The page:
Ryan Nugent-Hopkins is widely considered the best forward available in the 2011 Draft.
We're just a few days away from the 2011 NHL Draft, and one thing seems clear: there is a little bit of everything available in this draft class.
The depth in the top 50 players is already being compared to the 2003 draft, and while that isn't fair quite yet, there are enough high-end players to have fans of every team excited.
While there appears to be a consensus on the first overall pick in Ryan Nugent-Hopkins, the field is wide open after that. There are several defensemen and forwards all tightly packed, and a team should be able to get pretty specific with their needs without going too far off the board.
Looking for a power forward? Mika Zibanejad may be your guy. Big bodied, and a talented but raw winger? Joel Armia would be a lock.
So who are the best among the centers and wingers available?
Look no further—these are the top 15 forwards available, and what to expect from each of them moving forward.
This slideshow wouldn't be possible without the outstanding scouting services presented by thescoutingreport.org, thn.com, and redlinereport.com.
Stefan Noesen quickly became an important part of the attack in Plymouth of the OHL this season, as he improved greatly upon his totals from a year ago.
He finished this season with an impressive 34 goals and 43 assists in 68 games played.
According to THN, the Texas native works out in the summer with Dallas Star players such as Brenden Morrow, who he says he has modeled his game after. Standing at 6'1'' and pushing 200 pounds, Noesen plays with a bit of an edge. He accumulated 80 PIMs to go along with his gaudy totals.
He has shown that he can play more than one role on a team, possessing enough sandpaper to be effective in a checking role to go along with the offensive skills to do his fair share on a top line. It's the physical aspect to his game that is most likely to transfer to the NHL, where he should be a valuable gritty player in the future.
Noesen is a player who continuously works on aspects of his game, and strides to improve on a yearly basis. That he can hang in professional level workouts with the likes of Morrow should speak volumes of both his character and his physical state.
Brandon Saad was projected inside of the top 10 at the beginning of the season. His stock fell considerably after he failed to make the U.S. team for the WJCs, and his production took a significant dip through the second half of the year.
An untimely groin injury could have more to do with the latter, and a team in the back half of the first round could end up with one of the bigger steals if Saad pans out. He has the potential to be a power forward given his size and skill set, but as he plays now he leaves much to be desired on the physical front.
He put up 55 points in 59 games, and admitted to the Detroit Free Press that he rushed back from his injury and that it lingered until close to playoff time, where he put up 12 points in 12 games, showing flashes of the player that had been thought so highly of previously.
Rushing back from an injury is no joking matter, but according to Saad this is what you do when you love something as much as he loves hockey. Players that are willing to lay it all on the line like that and play through pain (especially groin pulls) in times outside of the playoffs are special.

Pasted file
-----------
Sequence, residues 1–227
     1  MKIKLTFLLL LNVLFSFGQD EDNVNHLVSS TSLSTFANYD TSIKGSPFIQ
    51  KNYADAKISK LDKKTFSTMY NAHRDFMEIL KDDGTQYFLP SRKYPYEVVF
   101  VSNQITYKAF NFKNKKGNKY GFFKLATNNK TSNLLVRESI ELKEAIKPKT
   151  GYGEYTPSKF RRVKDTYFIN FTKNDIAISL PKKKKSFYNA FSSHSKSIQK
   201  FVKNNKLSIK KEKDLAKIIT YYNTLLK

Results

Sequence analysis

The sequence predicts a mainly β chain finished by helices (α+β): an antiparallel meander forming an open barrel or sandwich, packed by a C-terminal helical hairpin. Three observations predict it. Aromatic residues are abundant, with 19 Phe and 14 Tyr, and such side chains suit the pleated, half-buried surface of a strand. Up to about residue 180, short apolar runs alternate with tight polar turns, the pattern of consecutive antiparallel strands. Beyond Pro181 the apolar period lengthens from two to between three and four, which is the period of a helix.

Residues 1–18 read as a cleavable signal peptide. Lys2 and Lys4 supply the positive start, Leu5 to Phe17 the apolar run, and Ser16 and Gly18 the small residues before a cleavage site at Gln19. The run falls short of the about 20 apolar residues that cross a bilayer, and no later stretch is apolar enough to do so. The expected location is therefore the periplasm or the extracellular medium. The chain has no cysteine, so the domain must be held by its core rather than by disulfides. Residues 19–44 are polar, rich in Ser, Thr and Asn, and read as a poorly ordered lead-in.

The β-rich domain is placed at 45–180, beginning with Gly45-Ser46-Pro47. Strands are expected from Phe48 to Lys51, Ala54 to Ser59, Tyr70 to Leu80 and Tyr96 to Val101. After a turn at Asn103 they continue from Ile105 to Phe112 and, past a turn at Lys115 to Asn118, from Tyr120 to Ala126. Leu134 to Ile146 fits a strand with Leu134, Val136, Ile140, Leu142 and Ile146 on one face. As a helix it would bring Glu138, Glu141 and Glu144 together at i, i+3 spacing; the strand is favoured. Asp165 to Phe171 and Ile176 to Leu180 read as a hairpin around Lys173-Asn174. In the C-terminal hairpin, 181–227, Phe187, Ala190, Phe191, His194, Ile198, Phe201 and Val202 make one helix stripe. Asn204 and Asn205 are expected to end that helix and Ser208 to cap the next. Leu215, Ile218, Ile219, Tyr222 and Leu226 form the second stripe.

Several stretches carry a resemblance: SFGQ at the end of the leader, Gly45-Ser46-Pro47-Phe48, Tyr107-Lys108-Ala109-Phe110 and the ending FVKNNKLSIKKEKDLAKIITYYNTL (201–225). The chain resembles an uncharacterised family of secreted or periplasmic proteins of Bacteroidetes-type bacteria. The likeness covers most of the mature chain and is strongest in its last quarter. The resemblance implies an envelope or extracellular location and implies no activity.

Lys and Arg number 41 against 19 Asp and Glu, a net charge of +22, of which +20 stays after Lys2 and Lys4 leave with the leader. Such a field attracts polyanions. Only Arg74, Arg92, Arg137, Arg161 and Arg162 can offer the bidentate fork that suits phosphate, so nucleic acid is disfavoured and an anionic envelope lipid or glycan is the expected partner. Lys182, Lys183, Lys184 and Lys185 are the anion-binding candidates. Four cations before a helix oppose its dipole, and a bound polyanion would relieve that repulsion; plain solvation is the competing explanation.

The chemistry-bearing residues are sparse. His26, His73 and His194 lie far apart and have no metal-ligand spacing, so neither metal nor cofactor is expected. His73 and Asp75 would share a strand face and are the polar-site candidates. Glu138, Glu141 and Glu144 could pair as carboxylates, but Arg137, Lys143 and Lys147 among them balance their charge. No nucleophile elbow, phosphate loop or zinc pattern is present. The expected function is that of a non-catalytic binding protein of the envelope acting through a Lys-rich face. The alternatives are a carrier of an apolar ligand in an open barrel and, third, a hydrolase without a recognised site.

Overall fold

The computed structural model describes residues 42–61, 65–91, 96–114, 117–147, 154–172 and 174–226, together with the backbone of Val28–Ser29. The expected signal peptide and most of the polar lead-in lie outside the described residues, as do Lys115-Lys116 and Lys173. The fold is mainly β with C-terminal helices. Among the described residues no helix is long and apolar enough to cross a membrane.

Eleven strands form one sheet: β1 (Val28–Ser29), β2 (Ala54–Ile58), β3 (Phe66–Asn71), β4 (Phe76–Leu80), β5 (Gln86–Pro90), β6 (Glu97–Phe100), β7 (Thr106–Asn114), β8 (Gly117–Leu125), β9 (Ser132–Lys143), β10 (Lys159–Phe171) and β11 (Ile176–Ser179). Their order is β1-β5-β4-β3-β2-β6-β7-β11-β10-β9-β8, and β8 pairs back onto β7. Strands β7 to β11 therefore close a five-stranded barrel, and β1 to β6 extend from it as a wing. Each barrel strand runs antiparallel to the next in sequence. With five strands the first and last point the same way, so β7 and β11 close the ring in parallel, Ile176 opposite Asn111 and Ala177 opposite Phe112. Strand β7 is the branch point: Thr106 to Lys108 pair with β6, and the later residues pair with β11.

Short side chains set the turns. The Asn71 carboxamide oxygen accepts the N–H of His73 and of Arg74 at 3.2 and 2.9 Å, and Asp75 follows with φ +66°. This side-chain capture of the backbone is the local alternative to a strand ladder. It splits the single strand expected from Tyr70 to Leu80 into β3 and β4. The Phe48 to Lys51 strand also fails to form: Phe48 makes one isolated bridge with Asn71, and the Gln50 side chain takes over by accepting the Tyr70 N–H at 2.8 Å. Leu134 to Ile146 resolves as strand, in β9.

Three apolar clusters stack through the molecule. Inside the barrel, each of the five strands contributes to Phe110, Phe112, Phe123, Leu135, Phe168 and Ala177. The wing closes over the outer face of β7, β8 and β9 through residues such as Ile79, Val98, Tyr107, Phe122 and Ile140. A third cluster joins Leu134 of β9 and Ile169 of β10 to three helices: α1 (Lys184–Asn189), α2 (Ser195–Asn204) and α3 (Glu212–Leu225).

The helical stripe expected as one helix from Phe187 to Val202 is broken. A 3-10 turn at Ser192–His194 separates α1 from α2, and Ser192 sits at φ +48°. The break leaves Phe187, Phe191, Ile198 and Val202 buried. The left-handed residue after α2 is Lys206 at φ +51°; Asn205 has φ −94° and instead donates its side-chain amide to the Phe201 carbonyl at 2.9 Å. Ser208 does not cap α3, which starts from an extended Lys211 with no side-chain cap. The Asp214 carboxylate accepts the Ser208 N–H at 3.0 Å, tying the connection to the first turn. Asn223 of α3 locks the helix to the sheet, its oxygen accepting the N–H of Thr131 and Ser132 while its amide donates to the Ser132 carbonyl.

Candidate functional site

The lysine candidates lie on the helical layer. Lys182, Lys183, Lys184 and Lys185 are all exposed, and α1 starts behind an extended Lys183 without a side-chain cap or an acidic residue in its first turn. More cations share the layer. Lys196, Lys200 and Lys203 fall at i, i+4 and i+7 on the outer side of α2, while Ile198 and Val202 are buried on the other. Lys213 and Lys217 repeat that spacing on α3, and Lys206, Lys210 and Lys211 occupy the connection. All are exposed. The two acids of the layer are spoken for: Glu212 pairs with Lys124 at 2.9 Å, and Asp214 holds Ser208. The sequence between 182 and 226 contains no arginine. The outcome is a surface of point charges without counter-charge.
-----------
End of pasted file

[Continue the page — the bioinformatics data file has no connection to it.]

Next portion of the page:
Even though he leaves more to be desired in the physical aspect of the game, there is reason to believe that the intensity needed to engage is brewing below the surface. With the right coaching, or linemate, this is a guy who could turn into a power forward and reward the team who takes a chance on him.
Thescoutingreport.org calls Nicklas Jensen the highest ranked "boom or bust" player in their top 25, as a guy who can create scoring chances where there didn't appear to be any.
He possesses the wheels and stick handling to go coast-to-coast, and added some much needed consistency to his game as the season progressed, becoming more accustomed to the North American game.
Jensen is knocked off the puck easily at times, and plays a bit soft for a guy his size (6'3''). More muscle on his frame would go a long way towards putting this kid in an NHL sweater.
When he is on, Jensen has the offensive capabilities to make defenders look silly and out of place, and doesn't seem to have hit a ceiling yet. If everything translates to the NHL level he could turn into an elite winger, but he'll need to find a way to bring it nightly if he is going to be a top line player.
Skaters like Jensen don't come along all too often, and when they do they are just as likely to fade into mediocrity. The fears surrounding him are the same—that he will either be a first wing offensive dynamo or a guy who can't fit into a lower line role because of his skill set.
The ability to simultaneously out-think and outmaneuver three or four players at once, all while keeping the puck on a string is what sets some of the best players in the world apart from the others. He isn't smallish like a lot of the superb puck magicians seem to be, and this combination should be too good for a team who doesn't need a home run in the first round.
Jensen is a unique talent, and could very well end up being one of the best players taken in this draft. Or he could one day find himself on a biggest bust slideshow on the Bleacher Report.
JT Miller is a reliable two way forward that has top notch skills to boot. He is a strong skater that is difficult to knock off the puck, and uses his speed in all three zones. Miller consistently wins races for lose pucks, showing plenty of determination and will in the process.
While he has taken over games with his talent, there are questions about his hockey sense as he has struggled to find consistency in his game. Miller sometimes makes bad choices with the puck when pressured, and his offensive numbers don't seem to match the skill he displays on the ice.
In short, the guy has the skill set to be better than he is. Miller just hasn't figured out how to tie it all together at this point.